NY Times has uncovered that the cyberattack on Google was more serious than previously reported, as the hackers reportedly gained access to the company's Single Sing-On password system. No user passwords appear to have been stolen, but the hackers did get their hands on the source code of the password system, which is regarded as one of Google's crown jewels.
Ever since Google disclosed in January that Internet intruders had stolen information from its computers, the exact nature and extent of the theft has been a closely guarded company secret. But a person with direct knowledge of the investigation now says that the losses included one of Google’s crown jewels, a password system that controls access by millions of users worldwide to almost all of the company’s Web services, including e-mail and business applications.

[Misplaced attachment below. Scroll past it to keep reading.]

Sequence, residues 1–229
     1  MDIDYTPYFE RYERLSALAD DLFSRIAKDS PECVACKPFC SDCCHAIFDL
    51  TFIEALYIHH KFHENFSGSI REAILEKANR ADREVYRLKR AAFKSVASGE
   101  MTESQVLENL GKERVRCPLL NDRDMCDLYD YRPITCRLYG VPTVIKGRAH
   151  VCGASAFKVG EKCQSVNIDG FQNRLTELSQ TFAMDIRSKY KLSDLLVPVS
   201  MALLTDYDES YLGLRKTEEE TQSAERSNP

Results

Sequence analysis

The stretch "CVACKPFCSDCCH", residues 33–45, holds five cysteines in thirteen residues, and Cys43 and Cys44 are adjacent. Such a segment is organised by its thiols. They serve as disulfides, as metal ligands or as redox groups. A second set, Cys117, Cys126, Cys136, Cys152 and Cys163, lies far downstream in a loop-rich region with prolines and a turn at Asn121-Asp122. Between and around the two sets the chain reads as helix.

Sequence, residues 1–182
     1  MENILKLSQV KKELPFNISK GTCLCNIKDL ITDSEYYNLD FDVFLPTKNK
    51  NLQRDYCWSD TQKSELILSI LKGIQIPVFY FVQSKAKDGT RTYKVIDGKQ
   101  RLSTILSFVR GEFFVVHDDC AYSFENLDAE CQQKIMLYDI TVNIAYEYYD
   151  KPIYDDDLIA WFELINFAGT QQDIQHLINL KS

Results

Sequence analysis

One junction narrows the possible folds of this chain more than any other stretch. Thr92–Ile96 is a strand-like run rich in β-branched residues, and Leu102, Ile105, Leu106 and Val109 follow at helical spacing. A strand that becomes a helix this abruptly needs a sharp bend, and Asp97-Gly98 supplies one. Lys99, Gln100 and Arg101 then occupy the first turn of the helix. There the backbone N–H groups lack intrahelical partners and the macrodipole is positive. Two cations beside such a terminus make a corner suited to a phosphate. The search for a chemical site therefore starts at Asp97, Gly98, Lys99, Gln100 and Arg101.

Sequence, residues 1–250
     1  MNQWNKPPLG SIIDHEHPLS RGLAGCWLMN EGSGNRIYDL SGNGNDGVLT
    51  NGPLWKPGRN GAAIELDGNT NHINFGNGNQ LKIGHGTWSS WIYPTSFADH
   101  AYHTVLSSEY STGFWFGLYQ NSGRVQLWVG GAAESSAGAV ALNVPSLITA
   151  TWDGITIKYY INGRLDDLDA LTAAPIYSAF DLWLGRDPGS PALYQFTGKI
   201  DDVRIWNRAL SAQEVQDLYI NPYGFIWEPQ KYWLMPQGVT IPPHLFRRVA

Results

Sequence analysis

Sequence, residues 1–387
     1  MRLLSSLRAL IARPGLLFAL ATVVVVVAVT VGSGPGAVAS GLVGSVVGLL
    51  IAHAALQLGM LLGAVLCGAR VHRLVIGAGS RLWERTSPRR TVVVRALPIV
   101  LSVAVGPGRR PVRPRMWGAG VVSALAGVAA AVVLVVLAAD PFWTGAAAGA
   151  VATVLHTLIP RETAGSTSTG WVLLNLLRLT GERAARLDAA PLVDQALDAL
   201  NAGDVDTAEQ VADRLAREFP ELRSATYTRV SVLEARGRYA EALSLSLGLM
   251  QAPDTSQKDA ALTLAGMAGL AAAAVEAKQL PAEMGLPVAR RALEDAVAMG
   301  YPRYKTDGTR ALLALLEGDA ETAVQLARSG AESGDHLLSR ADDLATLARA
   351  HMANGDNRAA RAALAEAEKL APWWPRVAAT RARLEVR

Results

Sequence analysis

The new details seem likely to increase the debate about the security and privacy of vast computing systems such as Google’s that now centralize the personal information of millions of individuals and businesses. Because vast amounts of digital information are stored in a cluster of computers, popularly referred to as “cloud” computing, a single breach can lead to disastrous losses.
Full details on how the hackers gained access to Google's computer systems can be read at NY Times.